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Smack
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(Original post by Vikingninja)
So far (2nd year) my modules have fitted into the following descriptions:
.
Sem 1 year 1: 1 maths, 1 materials/mechanics, 1 fluids, 1 surveying.
Sem 2 year 1: 1 mechanics (third was stress analysis, rest was code based structure design), 1 maths, 1 geology, 1 design.
Sem 1 year 2: 2 mechanics (one is theory and analysis, other is code based structure design), 1 fluids, 1 materials.

Next semester I know will have soil mechanics and a load of practical modules.

The fluids isn't entirely physics, half of first year was about flow rates and 2nd year fluids has been just flow rates up until this week (started learning about wind in it which involves forces). My first year geology content didn't teach us about physics, was just the basics of geology we need to know in the use of engineering, next years module will involve physics with it. There is a large emphasis on the mechanics since really if you go into civ eng you are going to do something involving a structure hence why there is a lot on it, same with materials. Materials is very important because you will be using a large variety of steel and concrete variations and you need to learn all about that since say in concrete design you need to specify a range of mixes which can be used. Also steel will not behave in the same way as concrete and wood which again is important to learn since in design you will be deciding what to use.

Geography is important because it teaches you about the real world applications and impacts of the engineering. Its not all about equations and physics, currently we are doing posters in groups on a dam project and one of the things we need to find is the impacts that it has resulted in such as displacement, that is where geography helps a lot. As well there's the importance of real world processes such as earthquakes and erosion which you learn about in geography.
When you say materials, do you mean actual materials science, like metallurgy, going into different chemical properties of materials, steel making, corrosion, etc., or are you referring to mechanics/structural analysis?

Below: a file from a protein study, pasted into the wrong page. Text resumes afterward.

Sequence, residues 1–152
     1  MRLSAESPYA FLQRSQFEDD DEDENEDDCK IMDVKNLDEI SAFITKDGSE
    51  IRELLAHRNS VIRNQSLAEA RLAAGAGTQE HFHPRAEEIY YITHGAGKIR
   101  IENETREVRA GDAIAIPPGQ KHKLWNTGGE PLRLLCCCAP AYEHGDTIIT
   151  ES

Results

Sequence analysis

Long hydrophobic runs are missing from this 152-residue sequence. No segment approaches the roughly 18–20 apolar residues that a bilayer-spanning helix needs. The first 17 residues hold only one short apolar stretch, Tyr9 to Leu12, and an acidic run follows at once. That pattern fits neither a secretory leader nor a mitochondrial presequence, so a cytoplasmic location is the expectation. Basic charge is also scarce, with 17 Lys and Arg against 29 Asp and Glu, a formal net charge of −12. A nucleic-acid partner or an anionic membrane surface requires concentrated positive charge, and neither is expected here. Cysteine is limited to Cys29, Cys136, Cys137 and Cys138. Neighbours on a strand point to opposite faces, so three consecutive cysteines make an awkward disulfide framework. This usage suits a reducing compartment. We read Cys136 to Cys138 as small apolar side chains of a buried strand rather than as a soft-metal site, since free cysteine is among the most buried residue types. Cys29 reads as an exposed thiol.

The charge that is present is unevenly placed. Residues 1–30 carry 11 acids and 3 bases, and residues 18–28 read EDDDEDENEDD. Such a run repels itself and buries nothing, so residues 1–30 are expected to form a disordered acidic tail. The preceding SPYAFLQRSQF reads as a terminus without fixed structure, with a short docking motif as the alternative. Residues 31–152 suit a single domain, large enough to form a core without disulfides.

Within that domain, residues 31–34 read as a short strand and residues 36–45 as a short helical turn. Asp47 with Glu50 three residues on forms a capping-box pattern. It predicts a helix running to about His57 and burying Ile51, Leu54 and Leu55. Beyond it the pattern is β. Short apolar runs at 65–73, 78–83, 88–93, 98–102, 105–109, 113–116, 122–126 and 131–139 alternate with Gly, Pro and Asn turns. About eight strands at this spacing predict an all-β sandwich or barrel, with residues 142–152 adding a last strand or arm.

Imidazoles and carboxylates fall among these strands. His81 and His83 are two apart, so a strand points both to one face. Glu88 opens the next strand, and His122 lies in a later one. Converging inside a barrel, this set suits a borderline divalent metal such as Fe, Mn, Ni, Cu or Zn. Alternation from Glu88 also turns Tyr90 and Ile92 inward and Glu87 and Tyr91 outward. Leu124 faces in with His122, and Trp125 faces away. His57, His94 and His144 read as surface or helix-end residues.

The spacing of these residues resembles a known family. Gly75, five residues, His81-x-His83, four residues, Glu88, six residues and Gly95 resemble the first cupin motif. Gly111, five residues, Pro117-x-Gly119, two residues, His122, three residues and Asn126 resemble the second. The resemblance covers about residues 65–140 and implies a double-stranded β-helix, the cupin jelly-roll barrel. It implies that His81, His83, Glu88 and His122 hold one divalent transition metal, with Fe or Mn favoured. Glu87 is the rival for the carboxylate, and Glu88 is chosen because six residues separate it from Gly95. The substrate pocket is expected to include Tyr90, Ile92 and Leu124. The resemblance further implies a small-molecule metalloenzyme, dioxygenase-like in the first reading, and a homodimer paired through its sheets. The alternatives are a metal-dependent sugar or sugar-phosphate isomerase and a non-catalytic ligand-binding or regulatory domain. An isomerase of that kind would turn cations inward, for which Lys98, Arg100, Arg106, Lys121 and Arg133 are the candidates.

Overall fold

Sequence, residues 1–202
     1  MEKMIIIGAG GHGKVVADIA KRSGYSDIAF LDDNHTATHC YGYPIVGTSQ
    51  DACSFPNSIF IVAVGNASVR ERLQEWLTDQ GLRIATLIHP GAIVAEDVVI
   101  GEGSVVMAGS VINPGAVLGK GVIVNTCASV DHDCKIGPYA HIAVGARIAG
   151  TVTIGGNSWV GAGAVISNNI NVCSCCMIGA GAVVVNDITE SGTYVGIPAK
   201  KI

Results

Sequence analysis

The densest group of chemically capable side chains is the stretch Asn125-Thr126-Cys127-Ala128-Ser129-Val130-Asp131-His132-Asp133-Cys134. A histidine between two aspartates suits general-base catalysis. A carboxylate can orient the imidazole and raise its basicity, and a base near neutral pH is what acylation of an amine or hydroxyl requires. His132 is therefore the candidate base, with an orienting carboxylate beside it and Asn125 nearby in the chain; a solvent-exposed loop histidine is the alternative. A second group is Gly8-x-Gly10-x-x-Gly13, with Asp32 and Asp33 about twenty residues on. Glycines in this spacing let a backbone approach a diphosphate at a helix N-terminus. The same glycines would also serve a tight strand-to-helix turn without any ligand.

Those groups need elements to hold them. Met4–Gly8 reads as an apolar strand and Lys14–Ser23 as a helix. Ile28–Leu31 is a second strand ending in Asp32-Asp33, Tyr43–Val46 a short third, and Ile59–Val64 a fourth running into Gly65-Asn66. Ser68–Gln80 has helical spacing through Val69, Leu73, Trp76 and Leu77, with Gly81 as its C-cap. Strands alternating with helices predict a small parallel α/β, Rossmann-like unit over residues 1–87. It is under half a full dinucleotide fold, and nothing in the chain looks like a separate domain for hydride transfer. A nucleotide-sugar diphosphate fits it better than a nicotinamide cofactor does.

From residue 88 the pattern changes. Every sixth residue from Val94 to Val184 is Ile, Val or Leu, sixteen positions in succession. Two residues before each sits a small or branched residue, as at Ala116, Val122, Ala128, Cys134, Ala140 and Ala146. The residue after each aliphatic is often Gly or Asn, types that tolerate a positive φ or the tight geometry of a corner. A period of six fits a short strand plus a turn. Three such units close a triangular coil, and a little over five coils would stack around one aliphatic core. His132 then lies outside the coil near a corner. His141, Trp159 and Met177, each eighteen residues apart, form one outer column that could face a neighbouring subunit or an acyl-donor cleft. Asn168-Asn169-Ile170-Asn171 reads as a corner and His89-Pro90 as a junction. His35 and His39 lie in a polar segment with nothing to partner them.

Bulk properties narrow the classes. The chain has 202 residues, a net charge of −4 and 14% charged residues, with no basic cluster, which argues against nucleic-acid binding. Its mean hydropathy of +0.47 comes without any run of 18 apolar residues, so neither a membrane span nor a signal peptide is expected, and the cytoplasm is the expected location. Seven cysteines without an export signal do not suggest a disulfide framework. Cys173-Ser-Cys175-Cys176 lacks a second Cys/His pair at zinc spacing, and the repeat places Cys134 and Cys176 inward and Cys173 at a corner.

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Vikingninja
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(Original post by Smack)
When you say materials, do you mean actual materials science, like metallurgy, going into different chemical properties of materials, steel making, corrosion, etc., or are you referring to mechanics/structural analysis?
Both really. We obviously learned the basics of mechanics such as hooke's law but then also failure methods such as creep. We have content on steel processing, concrete mixing and corrosion. A lot of the properties we learn about tend to be physical, last year in timber we learned about the change in strength due to moisture content and its anisotropy.

It doesn't contain loads of material science since we are only concerned with what we need to know when designing a structure so it is mostly physical properties, concrete we need to know contents such as free water/cement ratio as it can affect its strength.
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lia.lsaff
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(Original post by Vikingninja)
Both really. We obviously learned the basics of mechanics such as hooke's law but then also failure methods such as creep. We have content on steel processing, concrete mixing and corrosion. A lot of the properties we learn about tend to be physical, last year in timber we learned about the change in strength due to moisture content and its anisotropy.